Treating Diabetes: Scientists Warming To Plant-Based Diet

Dr. Fuhrman advocates a plant-based diet because it is the most optimal diet-style for diabetes reversal, weight-loss, and the prevention of heart disease. Sally Squires of The Washington Post explains many scientists are beginning to acknowledge its superior advantages as well:
People with Type 2 diabetes are advised to limit carbohydrates because of worries that too many carbs could overtax the body's dwindling insulin production and lessen its ability to process glucose.

Now some scientists are asking if a very-low-fat diet rich in healthy carbohydrates—whole grains, beans, fruit and vegetables—might be another option.
This prompted scientists to conduct a study comparing the standard dietary advice from the American Diabetes Association (ADA) and the vegetable-based diet-style of Dr. Dean Ornish:
The four-month trial, funded by the National Institutes of Health, studied 99 people with Type 2 diabetes. Half were asked to follow the standard dietary advice from the American Diabetes Association (ADA). The other half were asked to adhere to a very strict, low-fat vegan diet devoid of meat, fish, eggs, dairy or any other animal products.

Both groups improved blood sugar control and LDL cholesterol levels. Both lost weight, but the vegan group shed an average of 15 pounds, compared with six for the ADA group. As in the Ornish study, the vegan group showed no harmful changes in either HDL or triglyceride levels.
The results of the study demonstrate the overall efficiency and effectiveness of a “vegan” or a plant-based diet. Additionally 20 percent of participants following the vegetable-based diet for a year were able to cut or eliminate their insulin and other glucose-lowering medication.

Squires concludes her report with these three recommendations for those trying to overcome diabetes through diet:
Eat more plant-based foods. The more variety, the better. Groups that recommend eating more beans, vegetables (without added fat), fruit (sans added sugar) and whole grains include the American Heart Association, the National Cancer Institute, the Institute of Medicine, the National Heart, Lung, and Blood Institute, the American Diabetes Association, the American Cancer Society and the American Institute for Cancer Research.

Easy on the fat. Gram for gram, fat contains more than twice the calories of protein or carbs. Being overweight or obese is a major risk factor for diabetes, heart disease and some types of cancer. Whatever fat you eat, make it healthy. Skip saturated fat, trans fat and cholesterol found in whole milk dairy products, fatty meat and poultry with the skin. Reach instead for fish, healthy oil such as canola or olive oil, healthy margarine, nuts, avocados and seeds.

Get plenty of exercise.
The Diabetes Prevention Program—a large federally funded study of people who were just a step shy of developing diabetes—found that brisk daily exercise (yes, walking is fine) played an important part in preventing diabetes. The study found 30 minutes daily was required, but that can be broken into 10-minute increments.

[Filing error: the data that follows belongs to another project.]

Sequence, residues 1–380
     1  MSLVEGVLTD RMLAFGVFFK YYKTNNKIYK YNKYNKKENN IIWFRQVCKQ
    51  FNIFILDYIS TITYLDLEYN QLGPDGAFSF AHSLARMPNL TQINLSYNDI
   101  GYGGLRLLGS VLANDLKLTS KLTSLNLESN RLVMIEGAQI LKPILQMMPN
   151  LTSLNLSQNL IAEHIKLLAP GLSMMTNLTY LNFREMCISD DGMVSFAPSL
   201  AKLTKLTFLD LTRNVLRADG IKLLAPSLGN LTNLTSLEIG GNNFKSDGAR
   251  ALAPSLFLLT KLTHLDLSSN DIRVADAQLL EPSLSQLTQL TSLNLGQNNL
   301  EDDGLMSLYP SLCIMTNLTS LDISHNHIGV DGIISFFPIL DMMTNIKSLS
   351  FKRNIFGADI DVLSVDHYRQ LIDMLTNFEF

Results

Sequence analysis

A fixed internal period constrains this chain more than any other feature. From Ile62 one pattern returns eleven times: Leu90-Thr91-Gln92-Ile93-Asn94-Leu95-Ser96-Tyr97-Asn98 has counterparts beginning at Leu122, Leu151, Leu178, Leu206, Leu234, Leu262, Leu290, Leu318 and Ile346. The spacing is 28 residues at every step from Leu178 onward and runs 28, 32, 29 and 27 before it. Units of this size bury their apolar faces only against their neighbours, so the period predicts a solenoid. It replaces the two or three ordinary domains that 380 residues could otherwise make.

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Comments (4) Read through and enter the discussion with the form at the end
Helena - July 27, 2006 12:59 PM

It is good to hear some of these studies, now that low-carb seems to be touted as the cure-all for diabetes. I must admit I am surprised though, because I also thought that a diet so high in carbs would not be good for blood sugar levels. I was similarly surprised after reading the Dr McDougall success stories. Reversing diabetes on a diet that consist for a large part of potatoes and rice? I think it is amazing.

Of course, the amount of beans and vegetables Mc Dougall and Ornish recommend are still much higher than standard recommendations, maybe that does make the difference?

Val - July 27, 2006 6:25 PM

What is a 'healthy margarine'? I thought all marg. was full of trans fats?

Michael - July 29, 2006 3:33 PM

A study was conducted comparing 4 diets (Atkins, Zone, AHA, and Ornish (low-fat, whole foods) for various factors to determine health and affectiveness. One interesting point was brought to light in regards to blood sugar control: diabetics in the study on average lowered their medication most with the Ornish plan and least with the Atkins plan. Do a search on the internet and you'll find it. There is more to controlling diabetes than just carbohydrate intake.

Elizabeth - February 21, 2013 9:06 AM

It is the high fiber that controls the blood sugars. Beans are so high in fiber and low in calories because when you eat them, most of them are not absorbed, but the fiber is. THat is why they tell you to fill up on beans. And beans have chemicals in them that protect your heart and your colon. If you read the in asia they get a lot of stomach cancer, that is because they eat a lot of salt by way of soy sauce and all their sauces. THey eat white rice, which does not have fiber in it. Dr. Fuhrman and Neal Barnard recommend at least 2-3 cups of beans a day, a lot of raw veggies, and about 22 -30 nuts a day for oil. They also recommend flax meal or chia seeds. They also recommend eating low sugar fruits only and many of the low carb veggies as well. Greens and Beans diet! I found that with this diet, I got rid of irritable bowel, allergies reduced to the point where I don't need allergy pills anymore, I also don't have asthma anymore, and my skin is glowing. I feel way better. My angina and dizziness stopped. I'm borderline diabetic and overweight. In about a month and a half, I lost 30 pounds. I am stalling now because i'm eating bananas and cheating a lot by going to an all you can sushi place, but I have not gained any weight! I stay the same. Time to keep going. I also have not exercised at all yet.

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